How Do Hip Exercises Improve Pain in Individuals with Patellofemoral Pain? Secondary Mediation Analysis of Strength and Psychological Factors as Mechanisms

Sinead Holden, Mark Matthews, Michael Skovdal Rathleff, Jessica Kasza, FOHX GROUP, Bill Vicenzino

Research output: Contribution to journalArticleResearchpeer-review

Abstract

OBJECTIVE: To determine whether the effect of hip exercise on patellofemoral pain is mediated through changes in hip muscle strength or psychological factors. DESIGN: Secondary mediation analysis of a randomized clinical trial, in which 218 participants with patellofemoral pain were randomly assigned to receive foot orthoses or hip exercises. METHODS: Pain (Knee injury and Osteoarthritis Outcome Score pain subscale) and number of pain-free squats at 12 weeks were the outcomes for this mediation analysis, as they are pathognomonic of patellofemoral pain. Hip strength dynamometry (abduction, adduction, and external rotation) and psychological characteristics (pain catastrophizing, kinesiophobia, and anxiety) measured at 6 weeks were considered as potential mediators. We used mediation analysis to decompose the total effect of treatment on the outcome into (1) the “indirect effect” (ie, the portion acting through the mediator) and (2) the “direct effect.” RESULTS: The effect of hip exercise on pain and squats was not mediated by any of the strength or psychological mediators analyzed. All indirect effects were small and showed wide 95% confidence intervals (CIs) that contained zero (eg, for pain-free squats: abduction strength, -0.13; 95% CI: -0.49, 0.23; Tampa Scale of Kinesiophobia, -0.17; 95% CI: -0.64, 0.30). CONCLUSION: Hip strength improved after hip exercise, yet strength did not mediate improvements in pain and pain-free squats, and alternative psychological mediators were not implicated.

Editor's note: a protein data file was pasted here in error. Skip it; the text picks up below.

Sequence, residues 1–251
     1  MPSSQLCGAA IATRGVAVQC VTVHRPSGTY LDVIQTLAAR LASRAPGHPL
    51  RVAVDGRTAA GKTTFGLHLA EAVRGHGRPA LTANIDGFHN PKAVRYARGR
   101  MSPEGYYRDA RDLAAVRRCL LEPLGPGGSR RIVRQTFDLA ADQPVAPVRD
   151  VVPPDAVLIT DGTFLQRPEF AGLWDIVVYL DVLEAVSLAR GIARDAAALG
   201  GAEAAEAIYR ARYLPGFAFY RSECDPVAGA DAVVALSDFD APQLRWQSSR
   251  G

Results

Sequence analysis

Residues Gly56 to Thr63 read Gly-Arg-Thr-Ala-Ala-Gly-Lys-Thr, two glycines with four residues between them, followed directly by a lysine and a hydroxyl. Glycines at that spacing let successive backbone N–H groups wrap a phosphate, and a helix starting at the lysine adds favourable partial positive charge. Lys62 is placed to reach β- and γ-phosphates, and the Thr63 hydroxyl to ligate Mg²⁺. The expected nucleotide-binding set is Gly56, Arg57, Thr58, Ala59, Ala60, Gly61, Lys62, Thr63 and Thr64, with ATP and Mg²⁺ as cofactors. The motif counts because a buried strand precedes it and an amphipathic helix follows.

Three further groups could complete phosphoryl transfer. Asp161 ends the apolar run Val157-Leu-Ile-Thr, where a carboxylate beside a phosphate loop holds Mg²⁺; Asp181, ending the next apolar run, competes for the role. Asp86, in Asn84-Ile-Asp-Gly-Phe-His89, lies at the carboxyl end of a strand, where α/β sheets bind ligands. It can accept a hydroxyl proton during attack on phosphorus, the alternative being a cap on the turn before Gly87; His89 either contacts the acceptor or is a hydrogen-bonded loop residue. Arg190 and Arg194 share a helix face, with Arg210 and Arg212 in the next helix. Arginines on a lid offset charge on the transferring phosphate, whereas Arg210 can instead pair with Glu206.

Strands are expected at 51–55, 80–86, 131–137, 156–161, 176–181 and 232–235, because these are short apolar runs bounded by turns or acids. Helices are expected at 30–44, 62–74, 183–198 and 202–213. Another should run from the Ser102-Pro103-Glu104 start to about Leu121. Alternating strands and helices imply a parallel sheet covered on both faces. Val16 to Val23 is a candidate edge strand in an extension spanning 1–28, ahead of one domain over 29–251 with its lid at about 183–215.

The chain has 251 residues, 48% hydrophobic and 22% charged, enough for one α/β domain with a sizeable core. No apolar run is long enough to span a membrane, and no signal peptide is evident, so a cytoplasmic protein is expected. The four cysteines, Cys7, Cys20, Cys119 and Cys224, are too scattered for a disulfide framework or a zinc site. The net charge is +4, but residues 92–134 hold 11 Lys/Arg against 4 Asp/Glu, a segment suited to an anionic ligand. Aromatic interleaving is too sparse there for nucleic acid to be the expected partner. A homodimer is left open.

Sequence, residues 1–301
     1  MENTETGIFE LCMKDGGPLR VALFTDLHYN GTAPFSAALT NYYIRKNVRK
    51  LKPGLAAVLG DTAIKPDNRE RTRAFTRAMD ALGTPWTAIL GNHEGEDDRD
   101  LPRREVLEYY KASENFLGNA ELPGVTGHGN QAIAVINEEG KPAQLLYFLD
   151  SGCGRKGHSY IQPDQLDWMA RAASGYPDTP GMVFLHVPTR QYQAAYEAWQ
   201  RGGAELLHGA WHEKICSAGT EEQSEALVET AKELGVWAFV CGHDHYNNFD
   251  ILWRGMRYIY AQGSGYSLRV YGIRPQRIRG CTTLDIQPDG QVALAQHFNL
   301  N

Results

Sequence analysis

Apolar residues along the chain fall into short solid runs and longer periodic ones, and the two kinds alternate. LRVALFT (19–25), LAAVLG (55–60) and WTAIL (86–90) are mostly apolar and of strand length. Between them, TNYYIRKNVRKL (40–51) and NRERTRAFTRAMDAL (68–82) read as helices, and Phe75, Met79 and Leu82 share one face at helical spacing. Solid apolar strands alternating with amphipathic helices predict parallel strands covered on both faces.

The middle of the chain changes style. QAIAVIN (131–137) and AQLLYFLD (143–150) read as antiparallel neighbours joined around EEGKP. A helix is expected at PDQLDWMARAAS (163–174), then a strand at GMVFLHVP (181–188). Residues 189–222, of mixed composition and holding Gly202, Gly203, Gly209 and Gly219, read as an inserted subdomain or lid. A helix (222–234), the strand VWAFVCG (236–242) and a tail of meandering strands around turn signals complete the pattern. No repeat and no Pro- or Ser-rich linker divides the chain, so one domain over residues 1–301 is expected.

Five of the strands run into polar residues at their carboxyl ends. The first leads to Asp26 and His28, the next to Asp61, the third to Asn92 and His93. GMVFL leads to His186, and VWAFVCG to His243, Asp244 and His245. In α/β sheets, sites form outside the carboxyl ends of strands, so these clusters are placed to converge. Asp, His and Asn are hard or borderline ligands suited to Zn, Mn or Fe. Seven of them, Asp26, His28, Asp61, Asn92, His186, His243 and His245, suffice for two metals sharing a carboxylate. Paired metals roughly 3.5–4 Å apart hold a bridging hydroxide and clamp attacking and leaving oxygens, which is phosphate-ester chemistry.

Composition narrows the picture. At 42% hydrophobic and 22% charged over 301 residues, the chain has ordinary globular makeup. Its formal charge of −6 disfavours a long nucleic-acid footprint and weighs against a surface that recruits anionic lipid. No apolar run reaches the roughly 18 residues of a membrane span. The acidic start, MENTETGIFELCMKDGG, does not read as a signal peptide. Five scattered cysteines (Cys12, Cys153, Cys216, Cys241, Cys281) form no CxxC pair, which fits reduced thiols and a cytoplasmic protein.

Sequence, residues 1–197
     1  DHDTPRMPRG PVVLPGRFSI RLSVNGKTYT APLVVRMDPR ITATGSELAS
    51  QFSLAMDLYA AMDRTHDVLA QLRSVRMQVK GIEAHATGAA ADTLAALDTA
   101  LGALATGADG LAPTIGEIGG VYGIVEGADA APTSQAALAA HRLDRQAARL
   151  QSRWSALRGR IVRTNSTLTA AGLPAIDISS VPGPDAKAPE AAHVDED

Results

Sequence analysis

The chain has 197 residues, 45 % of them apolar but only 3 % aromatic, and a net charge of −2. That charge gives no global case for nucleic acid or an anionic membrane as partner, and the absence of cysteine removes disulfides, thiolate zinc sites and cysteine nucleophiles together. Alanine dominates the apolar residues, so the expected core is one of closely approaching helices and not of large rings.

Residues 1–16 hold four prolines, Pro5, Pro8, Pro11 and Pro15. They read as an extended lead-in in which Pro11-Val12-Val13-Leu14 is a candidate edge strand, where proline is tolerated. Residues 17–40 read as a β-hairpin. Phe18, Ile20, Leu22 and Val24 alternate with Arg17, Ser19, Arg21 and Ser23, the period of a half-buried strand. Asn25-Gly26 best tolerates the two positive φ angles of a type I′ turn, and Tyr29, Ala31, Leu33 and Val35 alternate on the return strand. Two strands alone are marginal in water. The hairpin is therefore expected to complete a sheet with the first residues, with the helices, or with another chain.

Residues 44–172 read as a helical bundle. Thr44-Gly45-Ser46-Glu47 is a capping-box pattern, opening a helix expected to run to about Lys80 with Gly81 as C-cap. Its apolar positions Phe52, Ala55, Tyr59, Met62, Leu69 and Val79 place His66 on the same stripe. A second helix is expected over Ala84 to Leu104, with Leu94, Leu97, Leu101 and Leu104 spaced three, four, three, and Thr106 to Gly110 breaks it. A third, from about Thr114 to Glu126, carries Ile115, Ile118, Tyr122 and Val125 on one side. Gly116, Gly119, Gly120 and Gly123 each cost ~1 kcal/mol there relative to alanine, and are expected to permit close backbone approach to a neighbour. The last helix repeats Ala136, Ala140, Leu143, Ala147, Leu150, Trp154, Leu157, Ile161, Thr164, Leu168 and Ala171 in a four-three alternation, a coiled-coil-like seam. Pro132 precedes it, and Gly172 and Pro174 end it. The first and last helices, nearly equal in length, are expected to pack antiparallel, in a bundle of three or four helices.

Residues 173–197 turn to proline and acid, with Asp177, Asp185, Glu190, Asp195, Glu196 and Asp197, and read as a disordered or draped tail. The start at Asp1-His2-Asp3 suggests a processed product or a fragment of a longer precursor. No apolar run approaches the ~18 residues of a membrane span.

Original languageEnglish
Pages (from-to)602-610
Number of pages9
JournalJournal of Orthopaedic and Sports Physical Therapy
Volume51
Issue number12
DOIs
Publication statusPublished - Dec 2021

Keywords

  • Anterior knee pain
  • Causal mechanism
  • Exercise
  • Muscle strength
  • Resistance training

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